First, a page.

Bawaliba (Spirit Woman) and Ngalyod (Rainbow Serpent)
“This is the djang (dreaming) of my mother and my uncles. These spirits are called Bawáliba.
A long time ago they used to go out hunting. They lived near Djinkarr, near Maningrida- that is their homeland. They used to go out hunting with dilly bags and digging sticks. They used to collect a lot of bush foods, and sleep together under one bark shelter.
This print is two Bawaliba with their dilly bag, being circled by the Rainbow Serpent just before they are eaten.
Sometimes Bawaliba still come alive when we sleep, they come into our houses or secretly peep through the windows. They might be painted in white clay and have red cloth tied around their waist. If we get up to look, they have already disappeared.
They are really tall. They are like human beings, like us. They dance in the middle of the night, and have a lot of hair. Sometimes the carry fish traps, dilly bags and digging sticks. They are good spirits, they protect us and they recognise families. They might knock on the window to remind us they are there looking out for us.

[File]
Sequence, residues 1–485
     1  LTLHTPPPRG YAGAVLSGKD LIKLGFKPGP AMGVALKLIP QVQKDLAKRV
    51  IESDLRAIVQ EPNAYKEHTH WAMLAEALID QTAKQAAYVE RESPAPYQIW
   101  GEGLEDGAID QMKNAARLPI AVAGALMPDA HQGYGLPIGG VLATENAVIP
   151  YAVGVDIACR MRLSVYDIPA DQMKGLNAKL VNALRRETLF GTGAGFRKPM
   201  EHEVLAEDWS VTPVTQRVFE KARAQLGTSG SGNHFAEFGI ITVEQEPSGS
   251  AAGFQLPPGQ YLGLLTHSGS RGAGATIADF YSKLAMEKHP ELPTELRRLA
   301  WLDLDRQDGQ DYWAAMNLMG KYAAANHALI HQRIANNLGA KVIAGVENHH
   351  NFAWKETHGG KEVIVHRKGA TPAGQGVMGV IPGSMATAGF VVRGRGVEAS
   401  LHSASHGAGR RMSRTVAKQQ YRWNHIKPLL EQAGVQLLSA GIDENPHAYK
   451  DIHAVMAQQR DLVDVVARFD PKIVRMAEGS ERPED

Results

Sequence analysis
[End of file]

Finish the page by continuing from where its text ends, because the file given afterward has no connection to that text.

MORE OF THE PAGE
You can hear them whisper, sometimes they talk about us and might say, ‘why are they making a house here?’ Then they say to each other, ‘This family are from here, it’s ok, they are sleeping here for the night’.
During the day they turn into stone and they sleep. We can visit that sacred green rock near Djinkarr, that’s Bawáliba resting during the day.” Lucy Yarawanga
This print was created using the etching technique. It is a limited edition of 20 fine art prints, created in Maningrida in 2019.